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Pages: 178
Publisher: Cambridge University Press / New South Wales University Press
Year: 1967/1978
ISBN: 090946572X
ISBN: 978-0909465728
ISBN: 0521059992
ISBN: 978-0521059992

The Logic of Special Relativity (Buy Now)

Simon J. Prokhovnik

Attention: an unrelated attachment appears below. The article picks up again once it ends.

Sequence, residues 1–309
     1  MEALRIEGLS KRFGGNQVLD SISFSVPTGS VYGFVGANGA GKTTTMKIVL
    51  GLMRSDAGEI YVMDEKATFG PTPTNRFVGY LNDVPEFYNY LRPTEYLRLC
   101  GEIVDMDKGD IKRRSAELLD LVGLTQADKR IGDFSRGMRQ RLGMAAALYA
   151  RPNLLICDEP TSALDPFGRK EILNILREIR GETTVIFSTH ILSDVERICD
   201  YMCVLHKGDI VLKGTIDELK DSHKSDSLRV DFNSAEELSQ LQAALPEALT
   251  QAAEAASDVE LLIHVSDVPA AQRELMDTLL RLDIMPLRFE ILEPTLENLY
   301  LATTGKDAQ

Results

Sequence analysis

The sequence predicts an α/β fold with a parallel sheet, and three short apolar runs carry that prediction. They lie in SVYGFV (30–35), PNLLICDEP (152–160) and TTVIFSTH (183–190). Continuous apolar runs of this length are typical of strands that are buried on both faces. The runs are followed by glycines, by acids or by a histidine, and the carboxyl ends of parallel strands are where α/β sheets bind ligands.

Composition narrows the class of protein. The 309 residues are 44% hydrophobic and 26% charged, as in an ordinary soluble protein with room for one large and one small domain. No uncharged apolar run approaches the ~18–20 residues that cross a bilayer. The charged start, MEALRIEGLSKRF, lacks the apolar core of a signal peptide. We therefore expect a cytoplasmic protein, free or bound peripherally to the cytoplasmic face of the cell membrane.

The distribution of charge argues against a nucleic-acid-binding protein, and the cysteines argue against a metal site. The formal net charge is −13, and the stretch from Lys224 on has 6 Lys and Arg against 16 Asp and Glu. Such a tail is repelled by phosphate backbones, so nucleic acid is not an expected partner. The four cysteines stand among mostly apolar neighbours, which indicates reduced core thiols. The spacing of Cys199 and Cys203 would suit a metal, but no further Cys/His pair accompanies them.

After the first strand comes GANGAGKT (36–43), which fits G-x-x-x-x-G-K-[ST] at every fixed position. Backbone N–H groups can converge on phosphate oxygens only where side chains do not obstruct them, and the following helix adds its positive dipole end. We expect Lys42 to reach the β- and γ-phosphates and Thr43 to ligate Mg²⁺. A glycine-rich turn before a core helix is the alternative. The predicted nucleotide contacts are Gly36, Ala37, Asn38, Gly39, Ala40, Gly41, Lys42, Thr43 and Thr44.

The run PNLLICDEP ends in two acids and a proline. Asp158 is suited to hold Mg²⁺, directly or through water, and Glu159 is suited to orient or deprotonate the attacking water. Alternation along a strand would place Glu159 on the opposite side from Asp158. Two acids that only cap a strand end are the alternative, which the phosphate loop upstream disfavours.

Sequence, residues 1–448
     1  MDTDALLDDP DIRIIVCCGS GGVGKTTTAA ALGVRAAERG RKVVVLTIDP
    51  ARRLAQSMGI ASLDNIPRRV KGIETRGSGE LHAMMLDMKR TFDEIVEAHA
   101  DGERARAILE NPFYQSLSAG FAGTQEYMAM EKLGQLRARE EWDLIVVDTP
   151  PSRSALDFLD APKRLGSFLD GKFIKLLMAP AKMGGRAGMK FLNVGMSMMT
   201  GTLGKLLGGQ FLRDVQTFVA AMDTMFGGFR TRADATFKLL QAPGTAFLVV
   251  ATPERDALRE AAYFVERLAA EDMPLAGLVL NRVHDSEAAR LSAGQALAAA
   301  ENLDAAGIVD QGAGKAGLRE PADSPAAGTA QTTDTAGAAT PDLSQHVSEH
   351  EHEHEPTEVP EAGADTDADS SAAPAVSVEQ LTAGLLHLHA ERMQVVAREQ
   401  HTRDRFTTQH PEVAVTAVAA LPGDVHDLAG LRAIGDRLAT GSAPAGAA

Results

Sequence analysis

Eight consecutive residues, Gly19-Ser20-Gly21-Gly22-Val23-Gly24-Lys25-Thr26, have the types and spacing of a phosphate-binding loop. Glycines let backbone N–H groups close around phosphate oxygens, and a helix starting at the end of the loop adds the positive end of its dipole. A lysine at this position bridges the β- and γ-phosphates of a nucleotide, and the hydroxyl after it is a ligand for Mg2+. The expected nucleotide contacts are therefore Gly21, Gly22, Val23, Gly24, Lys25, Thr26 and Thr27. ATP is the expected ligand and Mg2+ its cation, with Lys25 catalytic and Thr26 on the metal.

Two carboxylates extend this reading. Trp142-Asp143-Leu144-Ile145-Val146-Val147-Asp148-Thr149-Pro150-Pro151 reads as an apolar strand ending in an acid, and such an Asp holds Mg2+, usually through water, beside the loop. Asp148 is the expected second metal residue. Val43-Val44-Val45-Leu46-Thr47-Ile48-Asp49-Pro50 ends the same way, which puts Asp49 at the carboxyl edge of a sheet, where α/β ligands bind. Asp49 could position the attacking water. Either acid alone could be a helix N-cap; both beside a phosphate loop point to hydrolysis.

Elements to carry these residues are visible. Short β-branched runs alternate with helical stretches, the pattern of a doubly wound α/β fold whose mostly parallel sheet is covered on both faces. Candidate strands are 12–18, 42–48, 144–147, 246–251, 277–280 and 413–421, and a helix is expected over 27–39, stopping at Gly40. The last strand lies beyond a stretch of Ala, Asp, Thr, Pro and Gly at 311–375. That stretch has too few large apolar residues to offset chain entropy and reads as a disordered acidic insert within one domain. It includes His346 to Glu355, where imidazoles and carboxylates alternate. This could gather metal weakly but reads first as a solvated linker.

This book takes a robustly Lorentzian view of the subject, following his teacher G J Builder, who was arguably Dingle's most weighty opponent in the celebrated Dingle-McCrea war of the late 50's. There is none of the pussyfooting or ambiguity that disfigures the standard treatments; everything is precisely defined and you know exactly what the author is saying. One is reminded of the stenotypist's response to Feynman - "When the other fellas talk, I type what they say, but I don't understand what they're saying. But every time YOU get up to ask a question or to say something, I understand exactly what you mean - so I thought you CAN'T be a professor!" Such an approach appears to be justified by Einstein's statements (compare, e.g., CPAE, v3, Doc.18, p355 of the English edition, where he seems to say that his and Lorentz's approaches are equally valid ways to the same objective reality, in the same way as Boltzmann's concrete and Clausius's abstract approaches are equally valid ways into thermodynamics; this 1911 comment being backed up by much stuff in the 20's - see, e.g. 'Sidelights on Relativity' in Dover). Prokovnik's views are however controversial as many influential physicists maintain that Einstein's and Lorentz's views lead to quite distinct physical theories (cf Holton who puts this view with particular clarity). I find this hard to justify historically but there it is; perhaps one could counter-argue that modern treatments of relativity depart from Einstein, there being some evidence for this in the later (1936-43) papers. In any case I think Prokhovnik's book deserves much wider circulation; its down-to-earth Aussie commonsense brings a breath of fresh air to a murky territory. There is a notable mathematical appendix establishing the invariance of Maxwell's laws under the Lorentz transforms; a result much quoted but rarely proved. - Amazon